Aichi University of Education / Aichi University of the Arts / Ueda Women’s Junior College / Utsunomiya University / Utsunomiya Junior Collage / Elisabeth University of Music / Oita Prefectural College of Arts and Culture / Osaka Collage of Music / Osaka Kyoiku University / The International University of Kagoshima Junior College / Kwassui Women’s University / Kyoto University of Education / Kyoto Ciyu University of Arts / Kunitachi College of Music / Kurashiki Sakuyo University / Kobe College / Kobe University / Saga University / Sakuyo Junior College of Music / Showa University of Music / Shinshu University / Senzoku Gakuen College of Music / Soai University / Soka University / Takamatsu Junior College / Tokyo College of Music / Tokyo University of the Arts / Shobi College of Music / Doshisha Women’s College of Liberal Arts / Toho College of Music / Toho Gakuen School of Music / Tokushima Bunri University / Nagoya College of Music / Nagoya University of Arts / Hiroshima University / Ferris University / University of Teacher Education Fukuoka / ukuoka Women’s Junior College / Fukuya City Junior College for women’s / Heisei College of Music / Mukogawa Women’s University / Musashino Academia Musicae

The results of the questionnaire speak volumes about the charm of the SSS action.


SSS series

I first entered this field in 1957.A friend got me involved with pianos while I was a student.
I studied construction at school and was intending to enter that field, but the construction industry was in a severe recession at that time, so I gave up on it.

At first, I lived on the second floor of the Toyo Piano office building as an assistant to the technical manager, and I studied piano design techniques during working hours while working under the manager, and after five o’clock I spent nearly every evening studying the assembly, adjustment and tuning of upright pianos and grand pianos. Then in 1962, I joined the Japan Piano Technicians Association (currently the Japan Piano Tuners Association).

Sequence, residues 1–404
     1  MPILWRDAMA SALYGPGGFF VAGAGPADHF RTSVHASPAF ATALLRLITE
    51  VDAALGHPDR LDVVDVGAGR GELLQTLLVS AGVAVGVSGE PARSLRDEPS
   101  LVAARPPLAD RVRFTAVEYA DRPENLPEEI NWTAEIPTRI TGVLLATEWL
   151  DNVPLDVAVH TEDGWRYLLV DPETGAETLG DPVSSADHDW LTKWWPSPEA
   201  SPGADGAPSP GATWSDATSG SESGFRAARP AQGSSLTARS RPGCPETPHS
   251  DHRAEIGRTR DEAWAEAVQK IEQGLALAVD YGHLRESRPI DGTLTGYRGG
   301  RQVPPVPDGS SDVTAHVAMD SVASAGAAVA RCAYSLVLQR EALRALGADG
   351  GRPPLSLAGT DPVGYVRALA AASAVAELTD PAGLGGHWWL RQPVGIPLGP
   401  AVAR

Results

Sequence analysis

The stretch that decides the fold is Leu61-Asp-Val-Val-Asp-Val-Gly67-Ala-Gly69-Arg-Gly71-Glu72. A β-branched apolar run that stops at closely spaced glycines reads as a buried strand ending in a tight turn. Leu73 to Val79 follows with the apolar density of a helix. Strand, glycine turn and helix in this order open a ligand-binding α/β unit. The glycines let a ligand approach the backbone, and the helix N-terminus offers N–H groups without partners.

Around 1969, I became fascinated by the actions in grand pianos, and my head was constantly abuzz with the question of how it might be possible to achieve grand piano functionality in an upright piano.

Regular upright pianos have the following disadvantages:

  1. Little change in volume and timbre compared with grand pianos when the soft pedal is pressed.
  2. .A momentary lack of resistance (loss of touch) in keyboard touch when the soft pedal is pressed (the degree of key depression), which is a huge disadvantage.
  3. Fast trills cannot be played in the same way as with grand pianos.

In the hope of solving the above problems, I decided to commit my concepts for covering quality, cost, production and all other issues to the drawing board; but whereas sometimes I was able to draw one line in a split second, other lines refused to take shape even after three, sometimes up to ten, days had passed.
I spent the whole of this time going over these concepts in my head. I realised that developing something never seen before involved to a greater or lesser extent this kind of process.

In the course of my normal duties, my mind was full of this concept both day and night for about twenty years, from the moment of its birth through to completion, night and day. I worried the problem within my head during recreation, while watching television, when out drinking and whenever I had a spare moment.
Having gone through this, I finally solved all the technical problems and completed my concept in 1983. I am fully confident that this shift (soft) mechanism will capture the imagination of upright piano users throughout the world.

Engineering & Development
at February, 2006